"If and when the ax falls, the Democratic Congress knows it will be held accountable," the President said. "It's their fault for holding up getting a budget agreement."
House Democratic leaders scheduled a vote today on a bill that would delay the Gramm-Rudman cuts until Oct. 20. The President has promised to veto a deadline extension on grounds that it would just postpone hard decisions on deficit reduction.
Taking time out from the budget negotiations, Senate Majority Leader George J. Mitchell (D-Me.) and House Speaker Thomas S. Foley (D-Wash.) stressed that Democrats had offered several package proposals, including a new offer Wednesday morning.
The White House had said previously that Bush confers "morning, noon and night" with his representatives at the talks--White House Chief of Staff John H. Sununu, Budget Director Richard G. Darman and Treasury Secretary Nicholas F. Brady.
"The President's statement creates a highly misleading and damaging impression about our participation in these negotiations," Mitchell said. "We hope the President will set the record straight and join us in a constructive effort to deal with this serious national problem."
Other Democrats were not so restrained. "The road to Armageddon is paved with the President's intention to give a tax cut to the rich," said Rep. Bryan L. Dorgan (D-N.D.). House Majority Whip William H. Gray III (D-Pa.) said that Bush is willing to shut down the government just to get a capital gains tax cut for the wealthy.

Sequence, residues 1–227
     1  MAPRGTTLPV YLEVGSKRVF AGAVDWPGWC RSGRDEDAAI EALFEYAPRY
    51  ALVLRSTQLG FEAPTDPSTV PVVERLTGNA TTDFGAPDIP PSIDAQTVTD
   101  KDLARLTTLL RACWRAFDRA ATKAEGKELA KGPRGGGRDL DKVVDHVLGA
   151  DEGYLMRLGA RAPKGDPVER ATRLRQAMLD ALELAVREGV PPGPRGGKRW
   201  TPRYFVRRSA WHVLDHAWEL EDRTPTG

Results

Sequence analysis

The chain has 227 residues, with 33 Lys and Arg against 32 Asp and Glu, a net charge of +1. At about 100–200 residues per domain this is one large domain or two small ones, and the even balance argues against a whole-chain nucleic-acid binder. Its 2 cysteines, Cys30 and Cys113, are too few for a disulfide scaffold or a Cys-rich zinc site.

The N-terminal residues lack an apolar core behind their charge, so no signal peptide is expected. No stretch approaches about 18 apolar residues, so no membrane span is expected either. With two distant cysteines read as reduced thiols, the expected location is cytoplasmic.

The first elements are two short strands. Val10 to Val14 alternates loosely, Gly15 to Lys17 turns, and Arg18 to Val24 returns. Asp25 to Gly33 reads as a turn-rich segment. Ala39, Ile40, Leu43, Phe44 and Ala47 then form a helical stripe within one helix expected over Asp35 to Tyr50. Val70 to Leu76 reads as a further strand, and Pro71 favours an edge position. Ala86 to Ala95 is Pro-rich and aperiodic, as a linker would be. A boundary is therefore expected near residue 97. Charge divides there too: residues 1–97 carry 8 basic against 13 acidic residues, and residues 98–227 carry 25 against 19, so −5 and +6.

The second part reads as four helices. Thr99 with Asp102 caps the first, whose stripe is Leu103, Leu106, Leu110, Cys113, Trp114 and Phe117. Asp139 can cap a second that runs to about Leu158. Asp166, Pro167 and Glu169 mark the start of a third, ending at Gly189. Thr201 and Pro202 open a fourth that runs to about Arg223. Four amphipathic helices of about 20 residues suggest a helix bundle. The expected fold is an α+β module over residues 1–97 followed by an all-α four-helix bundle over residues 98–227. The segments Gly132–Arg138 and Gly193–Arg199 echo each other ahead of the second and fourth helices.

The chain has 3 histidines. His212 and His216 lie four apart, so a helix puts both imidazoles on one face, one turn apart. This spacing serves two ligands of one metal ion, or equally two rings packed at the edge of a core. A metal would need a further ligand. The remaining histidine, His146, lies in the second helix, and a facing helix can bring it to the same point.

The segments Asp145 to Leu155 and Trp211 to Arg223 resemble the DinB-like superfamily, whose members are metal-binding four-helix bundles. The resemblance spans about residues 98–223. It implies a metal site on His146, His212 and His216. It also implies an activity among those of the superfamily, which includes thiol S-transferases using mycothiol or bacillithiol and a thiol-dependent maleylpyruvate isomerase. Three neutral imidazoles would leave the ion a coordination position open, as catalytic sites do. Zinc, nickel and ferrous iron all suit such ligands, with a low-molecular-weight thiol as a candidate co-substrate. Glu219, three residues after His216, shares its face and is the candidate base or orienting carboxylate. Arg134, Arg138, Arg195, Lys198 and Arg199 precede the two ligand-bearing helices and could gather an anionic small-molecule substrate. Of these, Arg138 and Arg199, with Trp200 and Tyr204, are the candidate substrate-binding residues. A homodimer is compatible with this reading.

In a speech Wednesday night in Chicago, Bush appeared to soften his stance. He conceded that in "private negotiations" Democrats had made some budget proposals and said that, if he had indicated otherwise, "I apologize." Nevertheless, he contended that the Democrats had yet to offer a "comprehensive plan" that includes spending cuts and enforcement measures.
There were conflicting reports about the gap remaining between the White House and the top-level Democratic team conducting the talks. Although some sources close to the bargaining said that an agreement could be reached soon, others declared that the parties remain far apart, particularly on key tax and spending issues.
The Capitol Hill negotiations ended before midnight Wednesday, partly because the participants were weary from a session that lasted until 2:15 a.m. the night before.
"We're making progress," Sununu said.
"Not much," muttered Sen. Bob Dole of Kansas, the Senate Republican leader.
Reform of the budget process and several other issues were still unsettled, Dole told reporters, adding: "We're working on it." Another session was scheduled tentatively for mid-day today.
Meantime, Republicans in the House said they plan to push a bill that would give the President emergency powers to allocate enough funds to keep essential federal services in operation even if the cutbacks take place Monday as scheduled.
Democrats prepared a contingency deficit-cutting package that they hope to offer in case the protracted talks end without accord. It remains doubtful, however, whether their combination of tax increases and spending cuts to produce a $50-billion reduction in the deficit could be passed in either the House or Senate without presidential and Republican support.
In fact, even a bipartisan agreement recommended by Bush and the leaders of both parties might have a difficult time getting a majority vote in both chambers, GOP and Democratic leaders have acknowledged.
Meanwhile, hundreds of federal workers rallied outside the Capitol to express their concern about the furloughs that would occur if automatic spending cuts are triggered on Monday. "Congress, you do your jobs so we can do ours," read one of the placards. Another signaled political retaliation: "Your furlough begins Nov. 6, Election Day."